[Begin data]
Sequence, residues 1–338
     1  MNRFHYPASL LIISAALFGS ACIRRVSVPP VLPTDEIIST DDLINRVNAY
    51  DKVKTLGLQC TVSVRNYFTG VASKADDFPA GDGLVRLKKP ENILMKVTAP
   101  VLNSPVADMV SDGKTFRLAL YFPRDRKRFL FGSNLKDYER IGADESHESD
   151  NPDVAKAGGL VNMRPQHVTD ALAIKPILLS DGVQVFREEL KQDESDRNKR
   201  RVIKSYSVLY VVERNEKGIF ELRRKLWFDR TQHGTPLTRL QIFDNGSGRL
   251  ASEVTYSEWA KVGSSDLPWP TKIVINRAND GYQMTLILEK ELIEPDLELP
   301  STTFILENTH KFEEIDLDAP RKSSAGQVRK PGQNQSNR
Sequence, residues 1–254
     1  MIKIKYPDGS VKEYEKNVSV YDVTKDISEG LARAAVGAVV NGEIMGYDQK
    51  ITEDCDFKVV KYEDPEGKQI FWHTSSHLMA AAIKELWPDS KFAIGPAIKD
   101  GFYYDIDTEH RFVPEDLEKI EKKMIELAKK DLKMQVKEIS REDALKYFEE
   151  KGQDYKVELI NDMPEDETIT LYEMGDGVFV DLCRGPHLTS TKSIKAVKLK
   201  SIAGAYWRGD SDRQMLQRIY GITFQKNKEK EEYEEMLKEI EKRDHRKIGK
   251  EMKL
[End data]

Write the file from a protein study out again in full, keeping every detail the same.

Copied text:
Sequence, residues 1–338
     1  MNRFHYPASL LIISAALFGS ACIRRVSVPP VLPTDEIIST DDLINRVNAY
    51  DKVKTLGLQC TVSVRNYFTG VASKADDFPA GDGLVRLKKP ENILMKVTAP
   101  VLNSPVADMV SDGKTFRLAL YFPRDRKRFL FGSNLKDYER IGADESHESD
   151  NPDVAKAGGL VNMRPQHVTD ALAIKPILLS DGVQVFREEL KQDESDRNKR
   201  RVIKSYSVLY VVERNEKGIF ELRRKLWFDR TQHGTPLTRL QIFDNGSGRL
   251  ASEVTYSEWA KVGSSDLPWP TKIVINRAND GYQMTLILEK ELIEPDLELP
   301  STTFILENTH KFEEIDLDAP RKSSAGQVRK PGQNQSNR
Sequence, residues 1–254
     1  MIKIKYPDGS VKEYEKNVSV YDVTKDISEG LARAAVGAVV NGEIMGYDQK
    51  ITEDCDFKVV KYEDPEGKQI FWHTSSHLMA AAIKELWPDS KFAIGPAIKD
   101  GFYYDIDTEH RFVPEDLEKI EKKMIELAKK DLKMQVKEIS REDALKYFEE
   151  KGQDYKVELI NDMPEDETIT LYEMGDGVFV DLCRGPHLTS TKSIKAVKLK
   201  SIAGAYWRGD SDRQMLQRIY GITFQKNKEK EEYEEMLKEI EKRDHRKIGK
   251  EMKL